|July 24, 2012||Posted by Martin Ralya|
I recently got to play two sessions of Marvel Heroic Roleplay (which rocks — it captures the feel of supers better than any other RPG I’ve played, including FASERIP Marvel; see Don’s recent article for more in that vein) and I used a trick to speed up my turns that I thought was worth sharing. While I was a player in this game, not the GM, the trick applies equally to GMs — and to games other than MHR.
And it’s super-simple: Just color code your dice.
Need a d10? Grab an orange die.
Doing stuff in MHR involves building dice pools, with d4, d6, d8, d10, and d12 being required in various quantities. Most pools you build will be slightly different, you often need multiple types of dice in a single pool, and it can take a little time to get used to assembling pools.
After my first session, to which I brought five full sets of polyehdral dice of different colors, I realized I could speed things up a lot by color coding my dice by type.
Nice trick and sooooo simple. I am very interested in teaching RPGs and using them to teach. Giving the new players colour coded dice means that you can say “roll the yellow one”
The muffin tin
Fellow gnome Don Mappin and I joked during the session that we could put our dice in a muffin tin to make it easier to find specific types, and clever gamer Moe Tousignant on G+ took that joke and turned it into something cool: a teaching tool for new players combined with a convenient way to run pickup, store, or convention games where you don’t expect people to necessarily bring the right dice, or the right amounts of each die type.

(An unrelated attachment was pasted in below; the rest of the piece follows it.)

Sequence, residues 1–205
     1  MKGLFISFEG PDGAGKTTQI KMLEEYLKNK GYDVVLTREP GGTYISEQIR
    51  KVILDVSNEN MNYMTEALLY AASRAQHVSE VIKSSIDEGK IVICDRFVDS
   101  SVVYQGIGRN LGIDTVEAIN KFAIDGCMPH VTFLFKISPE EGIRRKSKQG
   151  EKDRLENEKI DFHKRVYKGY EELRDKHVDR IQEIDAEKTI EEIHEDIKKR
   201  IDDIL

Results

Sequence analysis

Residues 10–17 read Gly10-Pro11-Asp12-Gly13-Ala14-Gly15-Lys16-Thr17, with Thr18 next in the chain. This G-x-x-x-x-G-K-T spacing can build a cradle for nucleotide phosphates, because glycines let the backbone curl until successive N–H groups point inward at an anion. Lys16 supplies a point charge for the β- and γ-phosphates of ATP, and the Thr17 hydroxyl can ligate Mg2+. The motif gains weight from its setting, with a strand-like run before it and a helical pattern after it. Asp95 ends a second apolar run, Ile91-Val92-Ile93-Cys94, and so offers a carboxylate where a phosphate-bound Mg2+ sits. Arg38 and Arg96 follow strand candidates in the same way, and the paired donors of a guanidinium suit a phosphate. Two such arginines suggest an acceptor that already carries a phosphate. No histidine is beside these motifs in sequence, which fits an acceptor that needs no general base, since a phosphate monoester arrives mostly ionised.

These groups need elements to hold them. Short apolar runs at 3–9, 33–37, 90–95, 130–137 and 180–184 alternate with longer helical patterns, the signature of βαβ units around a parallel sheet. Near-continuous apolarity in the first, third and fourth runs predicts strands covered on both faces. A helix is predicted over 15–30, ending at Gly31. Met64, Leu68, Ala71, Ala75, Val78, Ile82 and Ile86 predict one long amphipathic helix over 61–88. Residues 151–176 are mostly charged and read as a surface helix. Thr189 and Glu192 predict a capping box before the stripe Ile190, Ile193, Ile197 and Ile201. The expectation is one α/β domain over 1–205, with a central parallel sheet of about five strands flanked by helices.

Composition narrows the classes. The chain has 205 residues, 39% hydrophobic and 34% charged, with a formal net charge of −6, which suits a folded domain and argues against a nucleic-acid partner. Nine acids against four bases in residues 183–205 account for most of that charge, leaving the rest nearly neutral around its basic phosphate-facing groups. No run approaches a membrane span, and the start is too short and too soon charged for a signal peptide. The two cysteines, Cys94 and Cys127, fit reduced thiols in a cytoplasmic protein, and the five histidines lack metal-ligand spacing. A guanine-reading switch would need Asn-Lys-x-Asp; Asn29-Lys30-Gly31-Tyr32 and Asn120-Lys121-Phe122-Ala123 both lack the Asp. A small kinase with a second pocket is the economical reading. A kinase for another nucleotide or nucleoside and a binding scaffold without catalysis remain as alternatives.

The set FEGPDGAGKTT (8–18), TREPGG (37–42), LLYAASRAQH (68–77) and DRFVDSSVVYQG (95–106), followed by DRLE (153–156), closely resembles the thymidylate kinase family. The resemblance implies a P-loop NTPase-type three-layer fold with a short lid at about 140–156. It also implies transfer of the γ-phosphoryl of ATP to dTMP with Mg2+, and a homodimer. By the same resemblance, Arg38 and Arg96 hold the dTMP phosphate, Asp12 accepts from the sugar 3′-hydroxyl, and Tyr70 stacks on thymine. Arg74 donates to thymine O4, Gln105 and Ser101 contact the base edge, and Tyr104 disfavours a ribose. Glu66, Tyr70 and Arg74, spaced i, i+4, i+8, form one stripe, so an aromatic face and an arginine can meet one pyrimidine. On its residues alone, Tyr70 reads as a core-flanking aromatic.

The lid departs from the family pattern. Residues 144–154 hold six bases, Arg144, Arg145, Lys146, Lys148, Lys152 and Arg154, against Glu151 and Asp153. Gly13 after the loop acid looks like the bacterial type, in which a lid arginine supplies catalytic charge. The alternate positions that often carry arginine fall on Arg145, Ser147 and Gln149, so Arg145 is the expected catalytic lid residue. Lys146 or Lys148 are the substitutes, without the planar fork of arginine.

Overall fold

Here’s Moe’s suggestion:
The muffin tin is a pretty good idea actually. It would be good for passing the dice around the table (which is what I did for our launch event).
…and how it turned out:
Used the muffin tray last night and it worked great. 5 spots were for dice and the 6th we used for our Plot Point beads.
If all you need for the game you’re running is a handful of d6s or d10s, this trick won’t save you any time (although even then, I’ve color coded single-die-type pools by using two colors: the dice I roll most often are one color, and the rest are another, so I can grab the common pool easily), but there are a lot of other games that use multiple dice which might benefit from this trick.
If you have a lot of dice, it’s easy to try it out for free. If not, it’s pretty cheap to buy dice in specific colors — and worth it for a game you really enjoy. I generally buy single dice directly from Chessex or from GameStation.
I hope this trick is useful to you!
About Martin Ralya
A father, husband, writer, small-press publisher, former RPG industry freelancer, and lifelong geek, Martin has been gaming since 1987 and GMing since 1989. You can find out a bit more about him on his personal website.